Five Tips to Getting Your Priorities Straight!
How can you be a family-centered business professional or entrepreneur? Do you feel like you need to compromise both? When I feel like I need to be one or the other, I get grouchy and feel frustrated. I find myself thinking about living for tomorrow as opposed to living in the present. Inevitably, I feel like I’m not living in either world to the best of my abilities or enjoying it.
Can we be family-centered, still love our career and contribute financially to our household? Is it possible to have the best of all worlds? There are many people that I have the privilege of working with that have been able to delicately navigate this “balance”, however, it takes practice. Consider these five tips:
1. Get clear on your perfect day
Are you clear on what your perfect day looks like? How hard have you worked lately to get clear on it and to make it happen? Or do you feel it’s not possible and why bother? Well, I can tell you it is possible and it is worth pursuing it.
One of the leaders that I’m working with owns a very successful business that operates from multiple locations. Not only is it profitable, but it gives back to the community. Before he even begins his week, he maps out his priorities and makes decisions about his time based on that. Anything he feels someone else can do or may be better or more efficient in, he delegates. He’s still able to run his successful business prioritizing what he most wants and needs. This means he has a great relationship with his now adult children and his wife, with plenty of time for leisure, fitness and fun, and all the while business is going well. In fact, he’s a great influence on me because he’s always pushing me to ask the question if I’m running my business as close to my perfect day, every day, as I can.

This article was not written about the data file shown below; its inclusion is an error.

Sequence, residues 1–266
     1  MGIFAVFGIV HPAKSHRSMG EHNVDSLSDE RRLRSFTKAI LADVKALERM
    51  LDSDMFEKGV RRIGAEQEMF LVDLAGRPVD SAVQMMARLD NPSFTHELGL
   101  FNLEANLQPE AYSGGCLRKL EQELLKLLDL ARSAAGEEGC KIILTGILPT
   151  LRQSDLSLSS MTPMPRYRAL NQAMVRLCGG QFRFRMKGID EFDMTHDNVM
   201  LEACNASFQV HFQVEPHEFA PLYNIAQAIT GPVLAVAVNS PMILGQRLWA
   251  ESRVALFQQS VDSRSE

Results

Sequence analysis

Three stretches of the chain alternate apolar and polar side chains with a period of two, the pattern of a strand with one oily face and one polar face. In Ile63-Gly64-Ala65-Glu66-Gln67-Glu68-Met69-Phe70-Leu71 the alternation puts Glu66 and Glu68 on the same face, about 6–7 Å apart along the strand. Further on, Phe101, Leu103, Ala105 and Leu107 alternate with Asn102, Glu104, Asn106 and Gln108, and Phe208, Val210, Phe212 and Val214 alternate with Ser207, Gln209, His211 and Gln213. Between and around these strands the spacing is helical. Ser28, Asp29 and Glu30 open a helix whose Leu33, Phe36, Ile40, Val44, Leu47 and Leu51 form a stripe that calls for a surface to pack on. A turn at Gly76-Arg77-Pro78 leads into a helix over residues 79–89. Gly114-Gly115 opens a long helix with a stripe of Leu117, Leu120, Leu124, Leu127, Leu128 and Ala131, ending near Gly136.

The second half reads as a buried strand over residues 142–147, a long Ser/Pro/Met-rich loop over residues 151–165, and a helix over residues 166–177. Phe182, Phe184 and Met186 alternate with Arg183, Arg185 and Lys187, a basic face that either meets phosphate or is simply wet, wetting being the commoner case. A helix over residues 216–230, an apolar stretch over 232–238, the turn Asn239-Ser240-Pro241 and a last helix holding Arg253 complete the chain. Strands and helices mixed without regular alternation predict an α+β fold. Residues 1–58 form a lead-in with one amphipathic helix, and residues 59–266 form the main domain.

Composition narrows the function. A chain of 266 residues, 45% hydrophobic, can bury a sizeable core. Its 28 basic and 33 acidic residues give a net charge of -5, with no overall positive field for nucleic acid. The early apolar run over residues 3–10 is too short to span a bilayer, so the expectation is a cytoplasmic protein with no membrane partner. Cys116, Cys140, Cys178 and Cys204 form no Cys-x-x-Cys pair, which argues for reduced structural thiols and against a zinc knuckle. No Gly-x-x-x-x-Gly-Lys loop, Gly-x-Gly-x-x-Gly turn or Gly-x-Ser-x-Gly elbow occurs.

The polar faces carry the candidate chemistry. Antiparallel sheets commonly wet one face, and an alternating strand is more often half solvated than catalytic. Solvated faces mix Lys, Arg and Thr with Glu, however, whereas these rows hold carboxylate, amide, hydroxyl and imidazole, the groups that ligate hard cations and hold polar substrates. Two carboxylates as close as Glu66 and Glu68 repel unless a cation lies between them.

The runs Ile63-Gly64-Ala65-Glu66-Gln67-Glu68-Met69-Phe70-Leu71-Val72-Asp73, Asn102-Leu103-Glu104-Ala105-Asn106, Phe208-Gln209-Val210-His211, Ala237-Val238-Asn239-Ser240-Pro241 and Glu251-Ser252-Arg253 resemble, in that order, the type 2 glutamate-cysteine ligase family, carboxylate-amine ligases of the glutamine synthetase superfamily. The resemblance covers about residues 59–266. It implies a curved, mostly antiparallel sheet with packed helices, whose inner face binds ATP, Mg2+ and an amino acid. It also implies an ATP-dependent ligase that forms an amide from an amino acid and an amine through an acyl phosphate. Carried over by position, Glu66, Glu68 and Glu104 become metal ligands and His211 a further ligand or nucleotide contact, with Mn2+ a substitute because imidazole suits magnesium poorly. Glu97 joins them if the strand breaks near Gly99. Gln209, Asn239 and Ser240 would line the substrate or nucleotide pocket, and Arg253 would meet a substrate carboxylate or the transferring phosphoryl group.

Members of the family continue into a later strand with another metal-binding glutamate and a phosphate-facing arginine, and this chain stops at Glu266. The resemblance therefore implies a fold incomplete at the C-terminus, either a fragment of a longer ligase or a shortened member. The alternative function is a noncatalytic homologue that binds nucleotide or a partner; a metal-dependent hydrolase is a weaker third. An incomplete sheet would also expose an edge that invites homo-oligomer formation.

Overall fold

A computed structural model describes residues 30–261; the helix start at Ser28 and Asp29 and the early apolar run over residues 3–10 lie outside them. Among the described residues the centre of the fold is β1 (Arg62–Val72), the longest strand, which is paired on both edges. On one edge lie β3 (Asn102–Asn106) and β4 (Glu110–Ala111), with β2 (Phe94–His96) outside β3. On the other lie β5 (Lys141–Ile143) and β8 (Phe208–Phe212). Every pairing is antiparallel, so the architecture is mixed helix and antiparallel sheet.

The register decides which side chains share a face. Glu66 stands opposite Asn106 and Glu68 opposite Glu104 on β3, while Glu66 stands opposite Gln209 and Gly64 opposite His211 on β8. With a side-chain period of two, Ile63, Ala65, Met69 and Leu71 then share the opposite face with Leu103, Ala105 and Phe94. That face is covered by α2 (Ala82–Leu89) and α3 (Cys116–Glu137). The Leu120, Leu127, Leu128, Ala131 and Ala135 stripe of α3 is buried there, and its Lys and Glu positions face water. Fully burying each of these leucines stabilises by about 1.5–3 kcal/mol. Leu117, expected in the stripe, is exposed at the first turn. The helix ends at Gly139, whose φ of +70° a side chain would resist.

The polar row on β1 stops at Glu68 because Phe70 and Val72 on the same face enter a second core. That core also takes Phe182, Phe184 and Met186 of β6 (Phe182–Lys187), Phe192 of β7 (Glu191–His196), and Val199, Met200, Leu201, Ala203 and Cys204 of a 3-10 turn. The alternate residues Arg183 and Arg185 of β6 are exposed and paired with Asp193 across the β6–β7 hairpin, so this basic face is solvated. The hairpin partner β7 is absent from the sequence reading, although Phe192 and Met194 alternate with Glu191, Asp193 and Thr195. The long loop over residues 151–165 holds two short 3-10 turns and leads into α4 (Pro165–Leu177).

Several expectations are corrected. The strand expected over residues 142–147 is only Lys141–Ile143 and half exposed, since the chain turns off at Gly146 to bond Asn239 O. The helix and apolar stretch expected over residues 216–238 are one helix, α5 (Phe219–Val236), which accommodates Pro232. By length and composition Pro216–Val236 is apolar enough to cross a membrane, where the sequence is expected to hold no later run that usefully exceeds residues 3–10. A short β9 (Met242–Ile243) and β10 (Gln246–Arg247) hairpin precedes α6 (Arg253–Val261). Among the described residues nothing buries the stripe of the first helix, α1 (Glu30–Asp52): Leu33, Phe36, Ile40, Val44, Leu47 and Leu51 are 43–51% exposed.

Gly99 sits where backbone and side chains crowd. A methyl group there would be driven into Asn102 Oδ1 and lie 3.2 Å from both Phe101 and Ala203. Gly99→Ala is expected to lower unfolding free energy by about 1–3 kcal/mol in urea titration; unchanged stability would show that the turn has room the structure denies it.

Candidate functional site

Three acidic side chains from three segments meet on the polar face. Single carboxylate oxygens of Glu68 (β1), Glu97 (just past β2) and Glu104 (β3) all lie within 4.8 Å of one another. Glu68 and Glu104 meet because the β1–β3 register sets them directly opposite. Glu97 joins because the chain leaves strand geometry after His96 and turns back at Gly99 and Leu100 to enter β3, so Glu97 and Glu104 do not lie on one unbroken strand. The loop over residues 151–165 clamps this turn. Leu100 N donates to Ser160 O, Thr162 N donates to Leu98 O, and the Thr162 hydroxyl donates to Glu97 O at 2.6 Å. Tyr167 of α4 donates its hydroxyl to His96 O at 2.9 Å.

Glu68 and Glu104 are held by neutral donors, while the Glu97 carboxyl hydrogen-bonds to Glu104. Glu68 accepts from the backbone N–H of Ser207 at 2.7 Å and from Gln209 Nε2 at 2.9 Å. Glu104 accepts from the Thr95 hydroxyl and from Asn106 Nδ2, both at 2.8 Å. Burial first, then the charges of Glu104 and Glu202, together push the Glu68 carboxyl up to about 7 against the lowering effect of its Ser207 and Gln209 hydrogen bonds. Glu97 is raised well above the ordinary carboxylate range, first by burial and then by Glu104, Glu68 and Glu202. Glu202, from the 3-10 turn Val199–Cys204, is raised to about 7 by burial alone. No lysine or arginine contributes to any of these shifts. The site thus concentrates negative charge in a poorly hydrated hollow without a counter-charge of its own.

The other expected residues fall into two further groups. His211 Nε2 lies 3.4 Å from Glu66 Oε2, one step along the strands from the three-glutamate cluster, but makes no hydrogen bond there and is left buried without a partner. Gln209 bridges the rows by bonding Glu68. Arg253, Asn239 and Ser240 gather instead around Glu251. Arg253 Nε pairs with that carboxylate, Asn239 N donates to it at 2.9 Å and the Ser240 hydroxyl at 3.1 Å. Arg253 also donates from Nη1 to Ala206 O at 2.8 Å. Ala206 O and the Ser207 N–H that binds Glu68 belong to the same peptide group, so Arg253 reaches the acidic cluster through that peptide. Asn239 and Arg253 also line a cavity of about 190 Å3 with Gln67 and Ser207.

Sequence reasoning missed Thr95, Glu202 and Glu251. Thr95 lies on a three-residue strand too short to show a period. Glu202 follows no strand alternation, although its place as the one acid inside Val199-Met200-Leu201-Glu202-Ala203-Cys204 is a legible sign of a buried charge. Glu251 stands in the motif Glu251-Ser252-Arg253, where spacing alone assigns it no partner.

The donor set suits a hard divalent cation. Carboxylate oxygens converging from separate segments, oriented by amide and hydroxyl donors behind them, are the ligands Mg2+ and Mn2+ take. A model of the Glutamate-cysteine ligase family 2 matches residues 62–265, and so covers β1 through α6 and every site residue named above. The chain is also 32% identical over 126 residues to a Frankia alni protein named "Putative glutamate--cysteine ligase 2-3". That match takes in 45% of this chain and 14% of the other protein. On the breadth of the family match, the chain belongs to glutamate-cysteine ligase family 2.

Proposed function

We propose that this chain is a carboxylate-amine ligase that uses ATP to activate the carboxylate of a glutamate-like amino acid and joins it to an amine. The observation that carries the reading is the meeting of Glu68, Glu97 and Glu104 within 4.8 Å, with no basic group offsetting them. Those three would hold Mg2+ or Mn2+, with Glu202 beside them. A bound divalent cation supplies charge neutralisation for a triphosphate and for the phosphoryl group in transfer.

What about you, have you mapped out what a perfect day looks like and how much does your current day look like compared to your perfect day?
2. Scale back 10 to 15%